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Please use this identifier to cite or link to this item: http://hdl.handle.net/10204/2531

Title: Mitigating the future impact of Cholera Epidemics
Authors: Woodborne, S
Pienaar, M
Van Der Merwe, M
Keywords: Cholera epidemics
Vibrio cholerae
Environment- to-human
Human-to-environment
Immunisation
Issue Date: Nov-2008
Citation: Woodborne, S, Pienaar, M and Van Der Merwe, M. 2008. Mitigating the future impact of Cholera Epidemics. Science real and relevant: 2nd CSIR Biennial Conference, CSIR International Convention Centre Pretoria, 17&18 November 2008, pp 10
Abstract: Cholera epidemics have been analysed using epidemiological models that depend on human-to environment- to-human spread of toxigenic Vibrio cholerae bacteria (Koelle et al. 2004, Koelle et al. 2005). Within such a framework the vulnerable human population is the key driving variable, and mitigation of cholera outbreaks lies in both the human-to-environment domain (sanitation) and in the environment-to-human domain (water supply, immunisation). Previous international research on cholera identified a potential environmental (i.e. aquatic) reservoir of the bacteria (Colwell & Huq 1994). CSIR research in central Mozambique demonstrated the presence of cholera bacteria in the rivers at the onset of the rainy season while no cholera cases were reported among the local population. This demonstrates that cholera epidemics are not linked to the mere presence of the bacterium, but also to its virulence. The research then focused on the seasonal recurrence of epidemics in Beira between 1999 and 2005 and tested the possibility that environmental factors such as temperature, rainfall, humidity, sea-surface temperatures and ocean chlorophyll (plankton production) might determine Vibrio cholerae virulence. Rainfall emerged as the key driver of both inter-annual and intra-annual variability in the number of reported cholera cases. The Beira results suggest that an endemic reservoir of Vibrio cholerae bacteria is amplified by environmental variables independently of the human-toenvironment link. Under these circumstances, water supply and not sanitation is the key to mitigating an epidemic. The cholera epidemic that occurred in KwaZulu-Natal, South Africa, between 2000 and 2001 was also analysed using the approach developed in the Beira study. The results demonstrate that the scale of the epidemic in KwaZulu-Natal was also controlled by rainfall, but cholera epidemics in KwaZulu-Natal are not an annual occurrence, despite a fairly regular rainfall regime. Further testing is required to determine if the Vibrio cholerae bacteria is endemic in KwaZulu- Natal as it is presumed to be in Beira. If it is not endemic then mitigation must focus on preventing human-to-environment spread and the emphasis must be on sanitation. However, at the onset of any future epidemic the mitigation measures should emphasise the environment-to-human link via water supply and immunisation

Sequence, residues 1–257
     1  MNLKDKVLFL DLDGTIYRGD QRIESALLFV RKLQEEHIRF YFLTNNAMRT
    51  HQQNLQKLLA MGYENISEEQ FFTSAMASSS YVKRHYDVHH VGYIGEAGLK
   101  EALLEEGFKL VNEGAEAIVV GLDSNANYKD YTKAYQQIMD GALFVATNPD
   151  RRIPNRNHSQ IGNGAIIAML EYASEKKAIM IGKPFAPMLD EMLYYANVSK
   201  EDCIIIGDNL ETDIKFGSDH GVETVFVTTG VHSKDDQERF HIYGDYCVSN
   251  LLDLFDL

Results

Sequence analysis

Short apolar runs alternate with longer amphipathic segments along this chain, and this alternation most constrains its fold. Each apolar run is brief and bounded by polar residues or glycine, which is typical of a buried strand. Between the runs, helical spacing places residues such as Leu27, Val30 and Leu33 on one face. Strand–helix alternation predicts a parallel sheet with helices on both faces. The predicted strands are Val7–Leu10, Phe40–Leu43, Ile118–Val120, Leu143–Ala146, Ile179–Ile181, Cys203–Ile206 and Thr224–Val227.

Description: Science real and relevant: 2nd CSIR Biennial Conference, CSIR International Convention Centre Pretoria, 17&18 November 2008
URI: http://hdl.handle.net/10204/2531
Appears in Collections:CSIR Conference 2008
General science, engineering & technology

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